The International Journal of Oral & Maxillofacial Implants



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Int J Oral Maxillofac Implants 33 (2018), No. 1     9. Feb. 2018
Int J Oral Maxillofac Implants 33 (2018), No. 1  (09.02.2018)

Online Article, Page e1-e18, doi:10.11607/jomi.6333, PubMed:29340346

Online Article: Effects of Local Drug and Chemical Compound Delivery on Bone Regeneration Around Dental Implants in Animal Models: A Systematic Review and Meta-Analysis
Alenezi, Ali / Chrcanovic, Bruno / Wennerberg, Ann
Purpose: One of the suggested methods for enhancing osseointegration is the local application of drug agents around implant surfaces. The aim of this review was to evaluate the methods most commonly used for local drug and chemical compound delivery to implant sites and assess their influence on osseointegration.
Materials and Methods: An electronic search was undertaken in three databases (PubMed, Scopus, Embase). The search was limited to animal experiments using endosseous implants combined with local drug delivery systems. Meta-analyses were performed for the outcome bone-to-implant contact (BIC).
Results: Sixty-one studies met the inclusion criteria. Calcium phosphate (CaP), bisphosphonates (BPs), and bone morphogenetic proteins (BMPs) were the most commonly used chemical compounds. There were two main methods for local drug delivery at the bone-implant interface: (1) directly from an implant surface by coating or immobilizing techniques, and (2) the local application of drugs to the implant site, using carriers. There was a statistically significant increase in BIC for both local drug delivery methods (P = .02 and P < .0001, respectively) compared with the control methods. There was a statistically significant increase in BIC when CaP (P = .0001) and BMPs (P = .02) were either coating implants or were delivered to the implant site, in comparison to when drugs were not used. The difference was not significant for the use of BPs (P = .15).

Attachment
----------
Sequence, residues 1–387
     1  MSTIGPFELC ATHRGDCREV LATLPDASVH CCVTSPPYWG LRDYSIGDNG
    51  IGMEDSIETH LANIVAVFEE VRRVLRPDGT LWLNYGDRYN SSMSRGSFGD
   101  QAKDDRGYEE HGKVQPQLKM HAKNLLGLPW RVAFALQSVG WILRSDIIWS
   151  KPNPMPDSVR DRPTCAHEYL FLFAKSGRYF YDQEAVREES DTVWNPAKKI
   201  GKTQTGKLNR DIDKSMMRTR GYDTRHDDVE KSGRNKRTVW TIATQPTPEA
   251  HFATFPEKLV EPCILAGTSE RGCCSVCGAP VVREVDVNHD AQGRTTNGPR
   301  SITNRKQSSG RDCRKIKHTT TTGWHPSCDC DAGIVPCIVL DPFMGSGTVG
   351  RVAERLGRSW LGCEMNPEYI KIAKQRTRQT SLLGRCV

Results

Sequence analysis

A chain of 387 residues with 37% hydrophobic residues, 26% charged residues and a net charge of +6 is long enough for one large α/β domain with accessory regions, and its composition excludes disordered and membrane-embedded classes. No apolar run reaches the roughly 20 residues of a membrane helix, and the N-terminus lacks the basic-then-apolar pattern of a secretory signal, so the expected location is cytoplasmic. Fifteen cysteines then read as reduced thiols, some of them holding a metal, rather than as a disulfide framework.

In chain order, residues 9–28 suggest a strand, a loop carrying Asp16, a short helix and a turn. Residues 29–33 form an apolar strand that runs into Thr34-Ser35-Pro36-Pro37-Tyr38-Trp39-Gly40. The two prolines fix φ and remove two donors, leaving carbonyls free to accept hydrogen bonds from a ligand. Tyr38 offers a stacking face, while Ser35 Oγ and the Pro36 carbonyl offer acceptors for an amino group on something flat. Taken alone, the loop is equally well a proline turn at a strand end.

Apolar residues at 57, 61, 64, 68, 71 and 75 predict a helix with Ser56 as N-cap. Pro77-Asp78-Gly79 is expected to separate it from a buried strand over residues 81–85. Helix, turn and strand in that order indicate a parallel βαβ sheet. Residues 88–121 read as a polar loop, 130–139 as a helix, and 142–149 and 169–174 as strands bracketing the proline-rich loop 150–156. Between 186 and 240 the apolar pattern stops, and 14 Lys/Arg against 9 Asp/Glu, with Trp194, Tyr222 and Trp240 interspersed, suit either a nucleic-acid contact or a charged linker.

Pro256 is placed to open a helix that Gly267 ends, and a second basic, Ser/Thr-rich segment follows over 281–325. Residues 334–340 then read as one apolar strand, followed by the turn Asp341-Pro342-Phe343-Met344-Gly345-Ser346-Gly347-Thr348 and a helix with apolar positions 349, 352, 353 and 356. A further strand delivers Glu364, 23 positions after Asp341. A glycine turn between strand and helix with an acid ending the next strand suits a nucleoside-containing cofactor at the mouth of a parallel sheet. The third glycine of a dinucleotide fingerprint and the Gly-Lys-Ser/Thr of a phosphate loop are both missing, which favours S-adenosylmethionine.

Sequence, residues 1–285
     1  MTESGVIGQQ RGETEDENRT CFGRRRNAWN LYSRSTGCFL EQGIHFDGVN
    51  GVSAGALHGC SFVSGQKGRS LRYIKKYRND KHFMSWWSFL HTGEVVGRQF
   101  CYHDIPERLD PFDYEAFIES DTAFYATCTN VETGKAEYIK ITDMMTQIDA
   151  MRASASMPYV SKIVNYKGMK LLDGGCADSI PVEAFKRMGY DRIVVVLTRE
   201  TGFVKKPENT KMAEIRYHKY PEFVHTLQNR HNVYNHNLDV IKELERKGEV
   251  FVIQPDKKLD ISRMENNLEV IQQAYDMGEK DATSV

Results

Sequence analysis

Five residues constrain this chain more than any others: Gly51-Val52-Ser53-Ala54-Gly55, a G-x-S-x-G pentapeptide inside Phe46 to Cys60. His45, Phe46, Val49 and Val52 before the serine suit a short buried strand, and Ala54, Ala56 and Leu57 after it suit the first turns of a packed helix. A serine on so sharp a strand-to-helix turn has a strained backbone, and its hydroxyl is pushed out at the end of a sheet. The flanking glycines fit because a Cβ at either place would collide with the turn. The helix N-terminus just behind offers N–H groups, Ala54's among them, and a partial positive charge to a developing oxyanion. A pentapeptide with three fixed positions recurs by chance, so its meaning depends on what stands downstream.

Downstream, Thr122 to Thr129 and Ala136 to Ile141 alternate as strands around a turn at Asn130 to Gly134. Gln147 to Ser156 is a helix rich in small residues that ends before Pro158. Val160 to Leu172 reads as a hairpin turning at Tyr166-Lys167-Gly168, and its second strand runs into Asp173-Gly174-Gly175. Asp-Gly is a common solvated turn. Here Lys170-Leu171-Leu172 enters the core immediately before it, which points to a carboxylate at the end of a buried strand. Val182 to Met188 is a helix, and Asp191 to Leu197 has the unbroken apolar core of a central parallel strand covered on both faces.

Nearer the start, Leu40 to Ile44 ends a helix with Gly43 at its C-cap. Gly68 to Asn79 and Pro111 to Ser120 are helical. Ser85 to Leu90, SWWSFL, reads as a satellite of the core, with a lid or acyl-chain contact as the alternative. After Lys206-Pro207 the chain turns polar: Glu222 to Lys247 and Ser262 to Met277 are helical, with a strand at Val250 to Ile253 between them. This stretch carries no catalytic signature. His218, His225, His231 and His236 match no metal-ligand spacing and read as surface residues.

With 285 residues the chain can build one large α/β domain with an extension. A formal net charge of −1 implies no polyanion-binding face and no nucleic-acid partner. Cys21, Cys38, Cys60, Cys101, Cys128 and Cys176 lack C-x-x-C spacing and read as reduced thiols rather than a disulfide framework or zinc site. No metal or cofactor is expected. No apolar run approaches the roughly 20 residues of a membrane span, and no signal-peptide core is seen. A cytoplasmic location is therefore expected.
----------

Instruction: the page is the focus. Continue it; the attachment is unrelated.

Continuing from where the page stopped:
Conclusion: It is suggested that the use of local chemical compound delivery systems around implants could significantly improve implant osseointegration in animal models. It is a matter of debate whether these in vivo results might have some significant effect in the human clinical setting in the long term.

Keywords: animal models, bone-to-implant contact, dental implants, drug delivery, meta-analysis, osseointegration, systematic review
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